They were paying 15-20% more for some positions, now I know why. Their motto was hire and fire, most managers were with them for less than 1.5 years and promoted because they were most senior after about year.
Obviously middle managers screaming this mantra at paid employees is silly...
They’ll help them develop new habits and encourage them in their efforts to adopt them.
They’ll force them to take a step back and see the bigger picture.
They’ll work together to build new systems that will help them be successful.
Shit, at the very least they’ll recommend a good self help book."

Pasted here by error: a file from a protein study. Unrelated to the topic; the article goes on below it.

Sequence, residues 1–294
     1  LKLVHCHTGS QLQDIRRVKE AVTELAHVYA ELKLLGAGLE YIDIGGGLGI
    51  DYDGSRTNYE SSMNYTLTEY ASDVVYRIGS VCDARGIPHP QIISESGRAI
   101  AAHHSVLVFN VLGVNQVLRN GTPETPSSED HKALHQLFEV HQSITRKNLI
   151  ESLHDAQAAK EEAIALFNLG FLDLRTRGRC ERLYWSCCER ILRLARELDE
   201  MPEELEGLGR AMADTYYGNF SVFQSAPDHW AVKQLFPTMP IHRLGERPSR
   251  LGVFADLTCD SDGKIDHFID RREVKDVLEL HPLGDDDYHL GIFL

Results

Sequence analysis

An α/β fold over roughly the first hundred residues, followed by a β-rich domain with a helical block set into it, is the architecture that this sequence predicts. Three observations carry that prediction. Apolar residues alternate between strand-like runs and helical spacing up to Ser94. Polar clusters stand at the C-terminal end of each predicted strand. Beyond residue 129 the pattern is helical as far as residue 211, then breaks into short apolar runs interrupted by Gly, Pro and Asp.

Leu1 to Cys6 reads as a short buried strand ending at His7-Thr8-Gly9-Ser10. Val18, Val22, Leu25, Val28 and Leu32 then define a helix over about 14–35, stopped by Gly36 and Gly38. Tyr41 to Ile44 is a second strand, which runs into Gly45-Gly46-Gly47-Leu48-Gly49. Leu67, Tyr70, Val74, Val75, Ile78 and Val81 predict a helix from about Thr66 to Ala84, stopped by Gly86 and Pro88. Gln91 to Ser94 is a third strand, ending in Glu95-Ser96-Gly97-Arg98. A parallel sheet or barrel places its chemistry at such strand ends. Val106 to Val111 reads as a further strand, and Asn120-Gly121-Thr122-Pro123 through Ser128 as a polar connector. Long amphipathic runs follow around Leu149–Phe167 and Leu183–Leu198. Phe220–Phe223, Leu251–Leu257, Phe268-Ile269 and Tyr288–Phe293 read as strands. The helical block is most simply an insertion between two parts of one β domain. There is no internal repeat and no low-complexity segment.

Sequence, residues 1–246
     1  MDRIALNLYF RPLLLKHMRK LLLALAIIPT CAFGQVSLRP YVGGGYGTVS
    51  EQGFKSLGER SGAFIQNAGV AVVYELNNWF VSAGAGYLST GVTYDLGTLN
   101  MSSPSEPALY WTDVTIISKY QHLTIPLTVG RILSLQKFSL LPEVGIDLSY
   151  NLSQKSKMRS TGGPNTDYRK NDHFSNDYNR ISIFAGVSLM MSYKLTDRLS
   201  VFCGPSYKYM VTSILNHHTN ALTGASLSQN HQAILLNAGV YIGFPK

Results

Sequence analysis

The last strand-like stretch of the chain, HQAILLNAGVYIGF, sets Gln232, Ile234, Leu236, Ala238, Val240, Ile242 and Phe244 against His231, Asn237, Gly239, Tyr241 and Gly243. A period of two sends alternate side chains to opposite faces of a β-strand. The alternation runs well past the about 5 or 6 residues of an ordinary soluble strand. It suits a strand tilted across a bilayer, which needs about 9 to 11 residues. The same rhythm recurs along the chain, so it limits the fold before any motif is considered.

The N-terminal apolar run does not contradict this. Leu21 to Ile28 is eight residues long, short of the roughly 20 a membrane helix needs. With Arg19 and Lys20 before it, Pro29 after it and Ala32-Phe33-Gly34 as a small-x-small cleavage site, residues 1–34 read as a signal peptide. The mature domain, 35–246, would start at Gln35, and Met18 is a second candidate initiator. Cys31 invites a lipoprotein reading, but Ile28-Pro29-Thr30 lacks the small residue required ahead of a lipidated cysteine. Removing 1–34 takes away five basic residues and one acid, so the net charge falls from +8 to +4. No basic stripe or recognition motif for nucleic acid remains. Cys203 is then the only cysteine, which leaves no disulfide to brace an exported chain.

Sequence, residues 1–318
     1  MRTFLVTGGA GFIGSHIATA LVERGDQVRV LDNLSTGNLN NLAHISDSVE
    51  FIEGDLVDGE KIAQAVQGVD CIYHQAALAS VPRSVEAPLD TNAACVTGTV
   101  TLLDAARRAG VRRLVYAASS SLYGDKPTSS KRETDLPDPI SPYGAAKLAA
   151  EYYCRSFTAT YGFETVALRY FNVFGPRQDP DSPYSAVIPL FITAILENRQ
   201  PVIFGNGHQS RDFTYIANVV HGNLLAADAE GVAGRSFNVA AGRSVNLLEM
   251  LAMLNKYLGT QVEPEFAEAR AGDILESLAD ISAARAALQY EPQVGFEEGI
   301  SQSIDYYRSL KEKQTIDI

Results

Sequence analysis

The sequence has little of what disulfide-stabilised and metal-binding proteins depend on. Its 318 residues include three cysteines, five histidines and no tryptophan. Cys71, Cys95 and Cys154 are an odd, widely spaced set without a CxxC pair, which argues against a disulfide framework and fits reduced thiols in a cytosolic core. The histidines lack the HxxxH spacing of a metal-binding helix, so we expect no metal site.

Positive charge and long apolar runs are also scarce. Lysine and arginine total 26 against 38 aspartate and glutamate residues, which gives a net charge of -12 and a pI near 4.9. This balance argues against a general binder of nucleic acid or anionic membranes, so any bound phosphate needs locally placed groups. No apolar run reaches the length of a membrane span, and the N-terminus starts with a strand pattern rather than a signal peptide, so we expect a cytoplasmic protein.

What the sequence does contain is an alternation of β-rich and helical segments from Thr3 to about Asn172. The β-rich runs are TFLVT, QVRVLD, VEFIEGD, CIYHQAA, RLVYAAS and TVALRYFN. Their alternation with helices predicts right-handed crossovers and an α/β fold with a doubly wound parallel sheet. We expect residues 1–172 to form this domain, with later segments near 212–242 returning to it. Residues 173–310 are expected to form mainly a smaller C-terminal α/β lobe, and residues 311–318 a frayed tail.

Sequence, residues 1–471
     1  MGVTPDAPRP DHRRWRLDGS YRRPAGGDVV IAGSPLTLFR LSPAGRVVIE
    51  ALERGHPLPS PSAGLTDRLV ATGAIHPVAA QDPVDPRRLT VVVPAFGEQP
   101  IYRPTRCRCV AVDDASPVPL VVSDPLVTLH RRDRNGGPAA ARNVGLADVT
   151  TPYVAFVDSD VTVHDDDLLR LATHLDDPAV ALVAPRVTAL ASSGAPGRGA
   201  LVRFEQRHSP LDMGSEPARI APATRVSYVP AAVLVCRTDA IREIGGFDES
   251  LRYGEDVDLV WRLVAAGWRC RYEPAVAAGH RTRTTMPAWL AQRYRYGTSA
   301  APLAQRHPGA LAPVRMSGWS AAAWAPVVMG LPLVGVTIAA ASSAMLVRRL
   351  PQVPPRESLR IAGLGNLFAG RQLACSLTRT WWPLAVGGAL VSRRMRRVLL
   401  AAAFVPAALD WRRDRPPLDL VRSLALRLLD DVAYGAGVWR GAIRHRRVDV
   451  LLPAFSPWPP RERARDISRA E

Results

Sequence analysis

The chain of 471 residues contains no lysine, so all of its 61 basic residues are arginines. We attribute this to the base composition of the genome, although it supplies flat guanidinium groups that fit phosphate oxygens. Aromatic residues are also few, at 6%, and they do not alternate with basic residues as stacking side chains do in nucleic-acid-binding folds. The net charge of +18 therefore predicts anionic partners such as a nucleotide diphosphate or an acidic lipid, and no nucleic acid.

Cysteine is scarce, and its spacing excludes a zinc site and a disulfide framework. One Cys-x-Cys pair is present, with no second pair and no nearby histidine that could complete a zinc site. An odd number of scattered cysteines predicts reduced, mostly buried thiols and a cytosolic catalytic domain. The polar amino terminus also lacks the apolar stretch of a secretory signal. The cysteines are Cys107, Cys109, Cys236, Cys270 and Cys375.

Are you serious??? With all due respect, if you are not capable of developing new habits, stepping back and looking at bigger picture or (sigh) reading a good self help book on your own without someone holding your hand, then you have a problem. Wake up my friend and GET SHIT DONE!
Now this Java shit is about to hit the fan.
having now read the article you have a valid point. there is a real problem with the idea that people can be hired and left to autonomously work - its ignoring literally thousands of years of experience we have with leadership and its value.
i've had this exact same problem myself. its really quite difficult and offensive it seems to tell your boss 'please provide some leadership and management - its your job, /you/ need to get shit done before i can do mine...'. the best solution it seems is to not have to be in that position.
fortunately my current 'boss' always takes the approach of 'what am i doing wrong?' rather than 'why is he dicking me over?'